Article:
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Annie's Mailbox: Too Old To Be Frisky

Kathy Mitchell and Marcy Sugar on

Dear Annie: When a person says "no," what does it mean? Some men just don't get it. Or do they believe it really means "yes"?

I have a wonderful friend, "Homer," and I love him dearly, but I am not "in love" with him. We are both in our 80s and widowed, and I thought it was nice to have him as a friend. But Homer's kisses are getting too mushy and lingering. He often says, "I can't wait to make love to you," and I reply each time, "No chance."

We could have so much fun together, but he always has sex on his mind. I have no interest in getting into bed with him or any other man. If that's all he wants, he's welcome to find someone else. I would miss him, but I've had about all I can take.

Other than being downright nasty, how can I make Homer understand? He gets his feelings hurt easily. -- Too Old To Be Frisky

Dear Too Old: If you are kissing Homer, you give the impression that there could be more than friendship. At that point, your words are contradicted by your actions. No wonder he doesn't understand "no." Some women mistakenly believe that they can do lots of kissing and snuggling and guys are happy to stop at that. But Homer (like a lot of men) isn't wired that way.

Please try to communicate better. Stop kissing or doing anything else that Homer might interpret as romantic. Tell him you enjoy his company, but from now on, the relationship is strictly platonic. If he still doesn't get the message, you will need to see less of him.

Dear Annie: My 83-year-old mother is a chain smoker. All I ask when I visit is that she smoke on her small balcony. I still get some fumes, but I never complain.

I drove four hours to see her on Mother's Day, and she insisted on smoking indoors. When I asked why, she replied, "Because I feel like it." When I said her newly painted walls were already covered in smoke residue, she gave me a dirty look and said the world is not going to end because there is cigarette smoke in the house. I realized she didn't care about my well-being, so I left. I told her that from now on, I will stay in a hotel.

 

It's not the only evidence of her disinterest in me. Only once in 20 years has she bothered to make me a meal. I always end up taking her out or putting something together for both of us. I know for a fact that my mother does not love me, so should I continue making an effort when she shows a total lack of consideration for my feelings? -- Very Sad Daughter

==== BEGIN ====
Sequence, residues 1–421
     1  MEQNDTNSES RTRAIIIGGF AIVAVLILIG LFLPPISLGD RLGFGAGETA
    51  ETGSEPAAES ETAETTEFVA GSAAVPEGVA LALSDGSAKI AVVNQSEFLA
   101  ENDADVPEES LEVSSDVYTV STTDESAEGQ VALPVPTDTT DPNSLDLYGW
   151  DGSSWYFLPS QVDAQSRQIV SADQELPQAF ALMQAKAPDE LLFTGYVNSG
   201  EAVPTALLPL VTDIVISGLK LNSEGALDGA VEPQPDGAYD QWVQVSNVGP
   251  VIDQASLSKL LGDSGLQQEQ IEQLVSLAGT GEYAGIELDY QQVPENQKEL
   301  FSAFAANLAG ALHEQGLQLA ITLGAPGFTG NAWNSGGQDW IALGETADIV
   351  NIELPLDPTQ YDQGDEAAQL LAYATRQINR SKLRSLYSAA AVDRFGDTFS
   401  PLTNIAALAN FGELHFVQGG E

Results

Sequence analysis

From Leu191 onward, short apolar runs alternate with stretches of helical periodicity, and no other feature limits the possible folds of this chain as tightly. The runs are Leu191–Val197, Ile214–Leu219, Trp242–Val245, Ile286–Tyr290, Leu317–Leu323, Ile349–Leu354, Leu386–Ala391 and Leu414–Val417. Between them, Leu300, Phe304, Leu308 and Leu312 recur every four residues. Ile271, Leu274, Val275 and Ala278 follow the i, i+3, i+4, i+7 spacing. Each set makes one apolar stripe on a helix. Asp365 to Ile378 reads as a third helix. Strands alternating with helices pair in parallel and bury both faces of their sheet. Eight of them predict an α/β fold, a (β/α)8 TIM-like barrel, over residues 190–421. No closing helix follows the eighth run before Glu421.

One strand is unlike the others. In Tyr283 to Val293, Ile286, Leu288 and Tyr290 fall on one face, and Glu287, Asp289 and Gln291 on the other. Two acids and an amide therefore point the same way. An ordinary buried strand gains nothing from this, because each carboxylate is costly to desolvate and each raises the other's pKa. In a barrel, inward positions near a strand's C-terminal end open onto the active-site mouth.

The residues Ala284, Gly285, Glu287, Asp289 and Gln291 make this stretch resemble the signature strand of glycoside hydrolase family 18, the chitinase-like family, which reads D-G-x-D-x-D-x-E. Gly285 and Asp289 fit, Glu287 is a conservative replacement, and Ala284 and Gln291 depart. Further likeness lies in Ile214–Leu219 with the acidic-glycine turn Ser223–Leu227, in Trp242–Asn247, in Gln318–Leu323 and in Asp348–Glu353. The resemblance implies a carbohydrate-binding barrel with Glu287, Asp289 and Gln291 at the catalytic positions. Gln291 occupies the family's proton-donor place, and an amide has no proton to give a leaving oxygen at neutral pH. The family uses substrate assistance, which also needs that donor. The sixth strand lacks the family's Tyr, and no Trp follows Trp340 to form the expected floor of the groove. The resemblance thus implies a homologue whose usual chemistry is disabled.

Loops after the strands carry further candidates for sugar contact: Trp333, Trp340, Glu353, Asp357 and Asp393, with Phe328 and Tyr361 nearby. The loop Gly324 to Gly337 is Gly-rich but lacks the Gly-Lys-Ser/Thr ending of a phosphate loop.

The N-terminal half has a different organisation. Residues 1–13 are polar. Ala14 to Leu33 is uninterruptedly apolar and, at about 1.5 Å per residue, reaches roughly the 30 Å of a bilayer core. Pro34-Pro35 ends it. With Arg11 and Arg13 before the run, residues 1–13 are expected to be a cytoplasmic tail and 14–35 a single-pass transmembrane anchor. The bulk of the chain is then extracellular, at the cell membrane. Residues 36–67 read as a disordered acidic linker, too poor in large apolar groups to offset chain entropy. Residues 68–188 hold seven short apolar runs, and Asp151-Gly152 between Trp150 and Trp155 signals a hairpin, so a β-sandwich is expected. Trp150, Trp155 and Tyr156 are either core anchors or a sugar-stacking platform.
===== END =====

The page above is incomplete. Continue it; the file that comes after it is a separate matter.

Dear Sad: We're not sure how you know "for a fact" that your mother doesn't love you. It's more likely that she's a difficult person who, as a matter of self-protection, is uncomfortable showing love because it makes her vulnerable to being hurt. We agree that you should stay in a hotel, because Mom is too addicted to care about anyone else's comfort. But instead of cutting her off, lower your expectations. She is who she is.

Dear Annie: You often print letters from women who complain about their husbands' ex-wives. I came along after my husband and his ex-wife resolved to be on friendly terms. Over the years, Kay always has been kind to me, and at times, if it wasn't for her support during some heart-wrenching "tough love" issues with the kids, I probably wouldn't still be married.

Recently, I traveled to Arizona to stay with Kay while she mended from an operation. I cooked meals, cleaned the house and walked her dog. We laughed, cried and entertained each other. We believe our actions teach "our" children and grandchildren an important lesson in forgiveness and human compassion. -- Debbie and Kay

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"Annie's Mailbox" is written by Kathy Mitchell and Marcy Sugar. This column was originally published in 2017. To find out more about Classic Annie's Mailbox and read features by other Creators Syndicate writers and cartoonists, visit Creators Syndicate at www.creators.com.

 

 

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